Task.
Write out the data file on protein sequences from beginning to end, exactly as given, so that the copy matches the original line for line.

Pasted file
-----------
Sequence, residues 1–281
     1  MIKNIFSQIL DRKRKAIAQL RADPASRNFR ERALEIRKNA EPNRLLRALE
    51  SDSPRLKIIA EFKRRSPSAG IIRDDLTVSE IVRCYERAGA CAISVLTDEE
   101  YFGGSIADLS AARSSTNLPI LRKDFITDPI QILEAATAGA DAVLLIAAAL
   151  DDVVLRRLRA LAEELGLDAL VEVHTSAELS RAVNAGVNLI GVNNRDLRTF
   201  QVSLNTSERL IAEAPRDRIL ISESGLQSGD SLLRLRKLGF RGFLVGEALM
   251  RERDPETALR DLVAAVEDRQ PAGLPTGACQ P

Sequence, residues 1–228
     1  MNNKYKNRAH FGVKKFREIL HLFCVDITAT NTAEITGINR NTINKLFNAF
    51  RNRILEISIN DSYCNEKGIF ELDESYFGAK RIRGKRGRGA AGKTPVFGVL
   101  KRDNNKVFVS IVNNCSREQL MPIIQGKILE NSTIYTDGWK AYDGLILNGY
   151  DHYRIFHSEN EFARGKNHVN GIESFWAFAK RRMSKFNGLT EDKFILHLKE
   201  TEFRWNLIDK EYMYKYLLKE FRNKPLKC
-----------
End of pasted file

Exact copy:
Sequence, residues 1–281
     1  MIKNIFSQIL DRKRKAIAQL RADPASRNFR ERALEIRKNA EPNRLLRALE
    51  SDSPRLKIIA EFKRRSPSAG IIRDDLTVSE IVRCYERAGA CAISVLTDEE
   101  YFGGSIADLS AARSSTNLPI LRKDFITDPI QILEAATAGA DAVLLIAAAL
   151  DDVVLRRLRA LAEELGLDAL VEVHTSAELS RAVNAGVNLI GVNNRDLRTF
   201  QVSLNTSERL IAEAPRDRIL ISESGLQSGD SLLRLRKLGF RGFLVGEALM
   251  RERDPETALR DLVAAVEDRQ PAGLPTGACQ P

Sequence, residues 1–228
     1  MNNKYKNRAH FGVKKFREIL HLFCVDITAT NTAEITGINR NTINKLFNAF
    51  RNRILEISIN DSYCNEKGIF ELDESYFGAK RIRGKRGRGA AGKTPVFGVL
   101  KRDNNKVFVS IVNNCSREQL MPIIQGKILE NSTIYTDGWK AYDGLILNGY
   151  DHYRIFHSEN EFARGKNHVN GIESFWAFAK RRMSKFNGLT EDKFILHLKE
   201  TEFRWNLIDK EYMYKYLLKE FRNKPLKC